We’ve all heard of the dreaded Man Flu in our time, but a team of scientists in Rochdale have finally catalogued the full effects.
“The slightest unpleasant exertion could prove instantly fatal,” head researcher Dr Ivor Nedake explained. “If adrenaline is released without a corresponding rise in dopamine, the pleasure hormone, then the sufferer is likely to keel over and die in agony at any moment. Think of AIDS, Cancer and Ebola, put them all together and square it, and you’re still barely scratching the surface of how bad Man Flu really is. Trust me, I know, I’m recovering from a bad bout of it myself.”
Symptoms famously include the inability to perform household chores, but apparently this is a defence mechanism to protect from even worse consequences.
It has been traced to the Y chromosome, so women are mercifully immune.
Curiously, one group of men found to be immune are single men. Test subject Billy Nometz, who lives on his own and has no lovelife of any kind, was exposed to the virus at full, but has felt no ill effects in the ensuing weeks. “A good thing, too,” he said when interviewed. “I can’t afford to get it. Who’s going to look after me if I go down with it?”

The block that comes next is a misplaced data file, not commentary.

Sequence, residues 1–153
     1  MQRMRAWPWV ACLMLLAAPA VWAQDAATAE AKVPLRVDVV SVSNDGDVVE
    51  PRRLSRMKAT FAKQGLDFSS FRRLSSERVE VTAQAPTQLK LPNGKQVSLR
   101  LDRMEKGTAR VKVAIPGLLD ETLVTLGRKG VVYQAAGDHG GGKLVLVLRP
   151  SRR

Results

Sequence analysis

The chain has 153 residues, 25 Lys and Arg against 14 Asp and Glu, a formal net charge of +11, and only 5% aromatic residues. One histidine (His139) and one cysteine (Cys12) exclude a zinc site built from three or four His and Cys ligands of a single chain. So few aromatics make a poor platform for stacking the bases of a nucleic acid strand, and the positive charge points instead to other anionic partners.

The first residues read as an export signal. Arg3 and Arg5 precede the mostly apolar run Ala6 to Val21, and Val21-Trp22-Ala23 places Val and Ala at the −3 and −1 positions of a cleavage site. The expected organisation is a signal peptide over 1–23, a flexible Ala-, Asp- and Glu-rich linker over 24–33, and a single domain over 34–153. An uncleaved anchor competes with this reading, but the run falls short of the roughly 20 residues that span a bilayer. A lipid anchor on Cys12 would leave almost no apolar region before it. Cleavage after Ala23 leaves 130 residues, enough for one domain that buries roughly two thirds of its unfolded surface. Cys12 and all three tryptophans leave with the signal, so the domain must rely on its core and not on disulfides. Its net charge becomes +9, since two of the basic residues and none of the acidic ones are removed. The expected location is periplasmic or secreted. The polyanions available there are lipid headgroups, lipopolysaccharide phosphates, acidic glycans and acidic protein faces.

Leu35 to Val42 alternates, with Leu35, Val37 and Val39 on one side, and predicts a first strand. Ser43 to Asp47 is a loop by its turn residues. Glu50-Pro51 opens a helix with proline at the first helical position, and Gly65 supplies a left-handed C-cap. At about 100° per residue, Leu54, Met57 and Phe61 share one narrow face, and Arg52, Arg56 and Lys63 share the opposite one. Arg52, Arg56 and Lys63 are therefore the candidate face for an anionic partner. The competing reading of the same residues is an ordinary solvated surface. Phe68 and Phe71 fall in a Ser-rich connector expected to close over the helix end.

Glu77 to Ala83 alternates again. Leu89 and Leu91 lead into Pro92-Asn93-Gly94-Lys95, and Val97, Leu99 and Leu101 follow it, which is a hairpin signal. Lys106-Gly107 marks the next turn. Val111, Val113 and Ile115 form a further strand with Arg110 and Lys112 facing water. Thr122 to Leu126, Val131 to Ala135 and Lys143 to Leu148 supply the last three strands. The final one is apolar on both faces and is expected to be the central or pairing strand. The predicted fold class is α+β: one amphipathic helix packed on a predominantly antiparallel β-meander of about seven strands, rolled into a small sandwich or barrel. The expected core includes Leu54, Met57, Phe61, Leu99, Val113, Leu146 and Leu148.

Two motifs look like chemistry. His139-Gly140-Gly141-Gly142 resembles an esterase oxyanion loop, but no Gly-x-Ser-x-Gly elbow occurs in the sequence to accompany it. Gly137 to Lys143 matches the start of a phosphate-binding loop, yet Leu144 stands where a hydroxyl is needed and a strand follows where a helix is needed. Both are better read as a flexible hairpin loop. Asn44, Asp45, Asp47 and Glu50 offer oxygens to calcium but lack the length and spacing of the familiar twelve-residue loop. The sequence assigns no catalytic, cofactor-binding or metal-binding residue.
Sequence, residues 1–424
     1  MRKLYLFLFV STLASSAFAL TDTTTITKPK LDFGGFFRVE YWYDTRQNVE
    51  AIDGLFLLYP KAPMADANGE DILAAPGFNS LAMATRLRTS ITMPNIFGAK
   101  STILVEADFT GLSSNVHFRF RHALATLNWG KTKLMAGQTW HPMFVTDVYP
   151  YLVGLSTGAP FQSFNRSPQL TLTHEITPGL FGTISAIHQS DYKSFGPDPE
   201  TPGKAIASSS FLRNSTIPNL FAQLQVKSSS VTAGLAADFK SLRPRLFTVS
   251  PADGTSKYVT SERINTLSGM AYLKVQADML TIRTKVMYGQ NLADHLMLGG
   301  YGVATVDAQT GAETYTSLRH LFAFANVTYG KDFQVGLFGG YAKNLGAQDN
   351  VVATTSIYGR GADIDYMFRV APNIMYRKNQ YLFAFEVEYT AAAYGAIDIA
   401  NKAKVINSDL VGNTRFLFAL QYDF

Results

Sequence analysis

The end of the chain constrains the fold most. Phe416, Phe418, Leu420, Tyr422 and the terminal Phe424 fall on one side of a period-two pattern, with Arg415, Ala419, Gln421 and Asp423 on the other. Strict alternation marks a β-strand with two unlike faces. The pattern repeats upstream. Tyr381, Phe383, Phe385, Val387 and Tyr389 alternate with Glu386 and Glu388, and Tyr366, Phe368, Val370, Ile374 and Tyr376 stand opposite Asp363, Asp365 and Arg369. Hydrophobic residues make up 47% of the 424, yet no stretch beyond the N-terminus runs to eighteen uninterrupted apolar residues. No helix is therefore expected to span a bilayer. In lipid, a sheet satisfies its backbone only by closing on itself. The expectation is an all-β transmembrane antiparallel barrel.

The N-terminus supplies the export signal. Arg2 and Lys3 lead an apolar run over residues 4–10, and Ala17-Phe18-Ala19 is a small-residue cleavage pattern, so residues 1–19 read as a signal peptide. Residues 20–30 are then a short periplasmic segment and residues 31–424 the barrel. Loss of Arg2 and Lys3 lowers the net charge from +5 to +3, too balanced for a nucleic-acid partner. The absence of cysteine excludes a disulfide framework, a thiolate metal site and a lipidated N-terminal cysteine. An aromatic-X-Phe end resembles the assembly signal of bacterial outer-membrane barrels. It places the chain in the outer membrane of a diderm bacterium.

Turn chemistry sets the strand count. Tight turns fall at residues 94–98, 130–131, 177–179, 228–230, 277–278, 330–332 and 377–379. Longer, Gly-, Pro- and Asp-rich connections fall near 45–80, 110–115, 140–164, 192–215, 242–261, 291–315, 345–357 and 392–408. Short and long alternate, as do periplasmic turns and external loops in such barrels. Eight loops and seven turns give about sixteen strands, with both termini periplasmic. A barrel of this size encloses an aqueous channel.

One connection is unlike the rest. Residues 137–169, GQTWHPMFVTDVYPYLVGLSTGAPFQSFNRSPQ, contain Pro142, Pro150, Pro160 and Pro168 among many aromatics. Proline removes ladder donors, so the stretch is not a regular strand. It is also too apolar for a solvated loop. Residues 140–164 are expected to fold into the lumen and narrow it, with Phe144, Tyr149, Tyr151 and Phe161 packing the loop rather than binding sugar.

Not all are convinced though. Dr Shirley Yerjokin remains skeptical. “If something is that serious, why would it discriminate so specifically? You’d think there would be the odd woman who would get it every now and then, but you never hear about it.”
Dr Nedake has the answer, apparently. “There is an equivalent strain in women, which loosens their jaw and makes them talk incessantly in a nagging tone. I’ve never heard of a man who got that, but my wife has been suffering from it for years.”
His wife, coincidentally, is Dr Yerjokin, and the two of them are currently in the process of getting a divorce. We wish them luck – and a speedy recovery from their respective ailments.